How Long Does It Take for Depression Treatment to Work?

A look at how psychotherapy and antidepressants work—and how long these treatments take to work.

In some cases, people taking antidepressants will notice an improvement within a few weeks, but it can take 4 to 6 weeks (and in some cases longer) for a person to notice an improvement.

Nearly everyone who is treating depression will ask themselves this question at some point—How long until I feel better?

While there are effective treatments for depression, predicting how long treatment will take can be a challenge. A diagnosis of depression relies on self-reported symptoms, including moods, thoughts, and behaviors.

Improvements in symptoms will also be self-reported, meaning they may not be apparent to anyone besides the person who is experiencing them. Even then, getting better is often a gradual process, with many small improvements along the way—small improvements that may not be obvious from one day to the next.

Also, depression is a different experience for every person. There are different types of depression, different contributing factors for depression, and symptoms can vary from one person to the next.

While there is no one-size-fits-all approach to treating depression, treatment often involves psychotherapy, or a combination of psychotherapy and medication. Below is a look at what these treatments are, how they work, and how long they can take to work.


Psychotherapy refers to talking to a mental health professional—such as a psychiatrist, psychologist, social worker, or other type of counselor.

The type of mental health professional a person works with will depend on several factors. One factor is the type of therapy being utilized—cognitive behavioral therapy, problem-solving therapy, and family/couples therapy can all be used to treat depression.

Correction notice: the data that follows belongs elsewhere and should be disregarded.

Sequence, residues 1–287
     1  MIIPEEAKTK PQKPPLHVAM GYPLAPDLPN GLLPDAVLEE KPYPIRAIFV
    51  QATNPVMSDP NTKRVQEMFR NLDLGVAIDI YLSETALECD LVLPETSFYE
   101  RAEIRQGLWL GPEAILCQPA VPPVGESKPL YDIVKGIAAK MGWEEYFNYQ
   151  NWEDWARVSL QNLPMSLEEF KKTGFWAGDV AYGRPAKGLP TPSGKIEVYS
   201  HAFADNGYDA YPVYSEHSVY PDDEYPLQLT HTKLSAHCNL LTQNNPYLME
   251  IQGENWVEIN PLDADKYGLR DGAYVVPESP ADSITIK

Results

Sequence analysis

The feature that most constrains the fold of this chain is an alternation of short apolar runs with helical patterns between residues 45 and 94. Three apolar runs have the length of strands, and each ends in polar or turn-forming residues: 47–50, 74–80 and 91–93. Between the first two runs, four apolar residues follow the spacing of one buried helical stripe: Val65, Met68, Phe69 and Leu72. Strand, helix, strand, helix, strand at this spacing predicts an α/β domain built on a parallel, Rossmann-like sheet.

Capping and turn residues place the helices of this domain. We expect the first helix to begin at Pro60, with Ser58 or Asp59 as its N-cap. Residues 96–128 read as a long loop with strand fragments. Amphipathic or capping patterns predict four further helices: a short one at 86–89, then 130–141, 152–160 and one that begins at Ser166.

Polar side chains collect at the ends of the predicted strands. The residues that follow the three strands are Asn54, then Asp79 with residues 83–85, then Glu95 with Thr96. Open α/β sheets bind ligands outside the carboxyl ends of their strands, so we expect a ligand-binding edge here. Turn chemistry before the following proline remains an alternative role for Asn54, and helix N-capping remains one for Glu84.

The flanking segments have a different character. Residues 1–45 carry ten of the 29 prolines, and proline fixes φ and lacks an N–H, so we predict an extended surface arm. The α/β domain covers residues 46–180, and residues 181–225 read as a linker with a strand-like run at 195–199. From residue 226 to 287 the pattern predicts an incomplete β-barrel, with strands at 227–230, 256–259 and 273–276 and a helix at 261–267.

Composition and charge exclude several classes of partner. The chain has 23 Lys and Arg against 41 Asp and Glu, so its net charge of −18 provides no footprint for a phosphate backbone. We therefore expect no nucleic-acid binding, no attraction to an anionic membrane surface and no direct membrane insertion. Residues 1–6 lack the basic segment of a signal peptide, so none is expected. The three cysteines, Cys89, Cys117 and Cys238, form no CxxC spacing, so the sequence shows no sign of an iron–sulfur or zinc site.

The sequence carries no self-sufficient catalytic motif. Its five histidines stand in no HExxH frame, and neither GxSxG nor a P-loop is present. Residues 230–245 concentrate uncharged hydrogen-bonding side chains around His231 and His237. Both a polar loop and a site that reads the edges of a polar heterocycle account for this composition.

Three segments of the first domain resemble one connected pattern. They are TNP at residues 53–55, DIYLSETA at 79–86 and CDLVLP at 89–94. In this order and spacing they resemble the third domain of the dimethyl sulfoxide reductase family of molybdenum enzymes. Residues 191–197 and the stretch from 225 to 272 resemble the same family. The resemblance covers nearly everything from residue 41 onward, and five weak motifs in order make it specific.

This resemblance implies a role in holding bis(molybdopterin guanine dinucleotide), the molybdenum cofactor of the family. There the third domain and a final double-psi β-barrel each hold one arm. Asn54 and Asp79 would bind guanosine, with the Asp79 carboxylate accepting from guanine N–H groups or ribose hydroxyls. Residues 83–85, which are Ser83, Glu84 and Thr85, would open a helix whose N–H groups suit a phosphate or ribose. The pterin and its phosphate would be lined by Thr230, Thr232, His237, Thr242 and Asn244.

The choice of therapy also depends on several factors, including the goals a person wants to achieve in therapy. Each person will have specific goals that are built around what they need and what they are experiencing.

The duration and frequency of psychotherapy sessions will vary depending on the type of therapy and a person’s needs. Some people will attend sessions for a period of weeks or months. Others will continue sessions for longer periods of time.

One of the benefits of psychotherapy is that the effects can be long-lasting after treatment stops.


If treatment for depression involves taking medication, a person will work with a psychiatrist—a medical doctor who specializes in the treatment of mental health disorders.

The medications used to treat depression are called antidepressants. “Antidepressants” is a broad term that refers to multiple types of medications, and within those types, different drugs given in different doses.

Antidepressants act on chemicals in the brain, altering levels of specific chemicals that are associated with moods and emotions. However, it is not fully understood how antidepressants work and how they alleviate the symptoms of depression.

In some cases, people taking antidepressants will notice an improvement within a few weeks, but it can take 4 to 6 weeks (and in some cases longer) for a person to notice an improvement. People may also need to adjust the dosages and the types of antidepressants they take before finding an approach that works.

If you have been taking an antidepressant medication and do not notice any improvement, talk to your healthcare provider. Discuss how long the medication should take to work, possible reasons that the medication may not be working as intended, and whether it’s time to make a change to your medication.

Is treatment working?

Your best source of information about your treatment will be your healthcare provider. But in order to give you the best care possible for depression, your healthcare provider needs information from you.

If you aren’t already, consider keeping a symptom journal. This can help you keep track of any changes in symptoms, identify any unmet needs in your treatment plan, and help you remember the things that you want to discuss with your healthcare provider.

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